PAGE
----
Germany join list of World Cup holders who imploded at next tournament

Germany have become the fourth defending champions in the last five World Cups to exit in the first round, when prior to this stretch such a fall from grace had not occurred since 1966. So what happened to the others, and is there a common theme?

France, 2002

Having ridden the wave of multicultural goodwill to a home victory in 1998, this was arguably the most dramatic fall, France crashing out without scoring a goal in Japan and South Korea. It began with that infamous defeat to Senegal, followed by an insipid draw with Uruguay in which Thierry Henry was sent off, before a half-fit Zinedine Zidane was rushed back for the final game against Denmark. Zidane couldn't drag them to success again, and they were out.

What was to blame?

Too much faith was given to the heroes of four years earlier, the likes of Marcel Desailly, Bixente Lizarazu and Youri Djorkaeff creaking with the extra miles in their legs. They couldn't cope with Zidane's early absence, and several players complained of burnout after exhausting domestic seasons. In isolation, all sound like excuses, but when combined they meant calamity.

What happened next?

Roger Lemerre was sacked, and after Jacques Santini's two years in charge the French FA took the maverick step of appointing Raymond Domenech to steady the ship. Remarkably, it sort of worked. France somehow stumbled into the 2006 final before repeating the shambles in 2010.

Italy, 2010

After winning in 2006, Marcelo Lippi retired to sail his boat around the Mediterranean. But like an old boxer who doesn't know when to quit, he came back after Roberto Donadoni's tenure didn't go so well. A draw in the opening game against Paraguay wasn't the end of the world, but failing to beat New Zealand next up was closer to it. A win over Slovakia in the final game would have been enough, but they lost 3-2 and slunk home.

What was to blame?

The squad was tired, with nine players 30 and older, but while this might seem simplistic, those players also just weren't that good. The squad in 2006 wasn't great, but this time the better players were four years creakier, and apart from Leonardo Bonucci, the newer talent wasn't up to much. Had the returning Lippi managed to recreate the spirit of four years earlier it would have been something close to a miracle.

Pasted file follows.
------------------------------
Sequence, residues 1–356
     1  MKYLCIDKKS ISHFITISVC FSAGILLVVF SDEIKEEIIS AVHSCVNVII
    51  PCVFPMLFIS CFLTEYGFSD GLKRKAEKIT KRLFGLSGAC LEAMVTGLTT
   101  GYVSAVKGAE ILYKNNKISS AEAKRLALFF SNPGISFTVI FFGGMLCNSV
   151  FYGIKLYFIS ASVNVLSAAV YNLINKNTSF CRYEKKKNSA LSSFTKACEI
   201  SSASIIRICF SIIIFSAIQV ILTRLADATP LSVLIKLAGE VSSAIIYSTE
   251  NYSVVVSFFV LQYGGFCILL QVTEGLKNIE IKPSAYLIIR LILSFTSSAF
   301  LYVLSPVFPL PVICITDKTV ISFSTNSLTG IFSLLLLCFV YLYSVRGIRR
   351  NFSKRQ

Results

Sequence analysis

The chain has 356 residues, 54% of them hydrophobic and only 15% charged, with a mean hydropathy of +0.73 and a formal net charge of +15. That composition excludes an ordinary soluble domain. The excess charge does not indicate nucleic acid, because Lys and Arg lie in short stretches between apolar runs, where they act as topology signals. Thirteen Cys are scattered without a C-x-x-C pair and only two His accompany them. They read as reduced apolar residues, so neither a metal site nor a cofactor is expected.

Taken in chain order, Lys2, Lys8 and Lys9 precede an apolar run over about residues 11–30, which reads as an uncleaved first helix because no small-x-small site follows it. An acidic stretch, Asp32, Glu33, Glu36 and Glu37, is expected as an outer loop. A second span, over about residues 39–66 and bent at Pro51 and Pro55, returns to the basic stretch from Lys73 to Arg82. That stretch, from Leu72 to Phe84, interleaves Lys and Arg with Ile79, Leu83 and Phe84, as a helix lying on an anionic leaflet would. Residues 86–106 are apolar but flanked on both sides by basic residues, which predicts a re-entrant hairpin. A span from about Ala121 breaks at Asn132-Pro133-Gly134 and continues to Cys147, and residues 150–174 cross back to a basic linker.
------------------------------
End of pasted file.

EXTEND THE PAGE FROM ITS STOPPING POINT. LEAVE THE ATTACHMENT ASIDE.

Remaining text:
What happened next?

Italy reached the final of Euro 2012 under Cesare Prandelli, but as it turned out their departure in 2010 became a theme, rather than an exception. They were eliminated, along with England, at the same stage in 2014, and of course Gian Piero Ventura's mess didn't even make it to Russia this summer.

Spain, 2014

Not only World Cup holders, Spain were double European champions and, with the core of their great team intact, among the favourites in Brazil. All was going reasonably well until just before halftime in their first game, 1-0 up over a ragtag Netherlands, before hellfire was unleashed. They ended up losing that one 5-1, then slumped to a 2-0 loss against Chile and they were out. And not just out, but the first team in the tournament to be eliminated.

What was to blame?

The end of an era in so many ways: this proved to be a tournament too far for Xavi and David Villa, neither of whom played another international, while others like Iker Casillas clung on but maybe shouldn't have. But mostly for Vicente del Bosque, whose hold over the national team was gone, and he stepped down after the tournament with two major titles and the thanks of his nation.

What happened next?

Andres Iniesta, Sergio Busquets, Sergio Ramos, David Silva and several more players who failed in Brazil are still around, defeated on penalties by Italy at Euro 2016 but through in Russia. There is a sense that this wasn't a national team that needed to be ripped up, just refreshed.

Germany, 2018

When Jogi Low left Leroy Sane out of his 23-man squad, it looked like a power move, an indication to the rest of the world that Germany were not messing around. As it turns out, that was a facade. The defeat to Mexico in the opening game sounded alarm bells that were briefly muffled by Toni Kroos' late intervention against Sweden. While that was a magnificent moment, it was not representative of their tournament: a confused team lost to South Korea and jumped straight on a plane home.

What was to blame?

Perhaps it's too early to fully comprehend what went wrong, but it is tempting to think that Low has simply been there too long. After taking over from Jurgen Klinsmann in 2006, it's easy to see, 12 years later, why his messages simply might no longer be getting through. It doesn't help that those messages have seemed confused: he made four changes from the first game, then five in the third.

What happened next?

Perhaps this is a blip. This is Germany, after all, and this is the first time they have fallen at the first round of a World Cup since 1938. But only time will tell: Low is still in place, and it will be fascinating to see how they recover from something they are entirely unused to.

What do they all have in common?

It's interesting that three of these four these teams not only went out but finished bottom of their group. The natural randomness of a result from only three games must be a caveat, but when giants fall they tend to fall hard.

The biggest through-line in these falls from grace is a lack of renewal. Aside from France, they each had the same manager who had lead them in the tournament before, the voice of the man at the top perhaps becoming tired and simply not listened to. They're also all characterised by ageing personnel: winning a World Cup will get you a lot of goodwill, too much perhaps, and in all the teams you can identify at least two or three players who should have been omitted, and probably would have been if they didn't have the cache of previous success.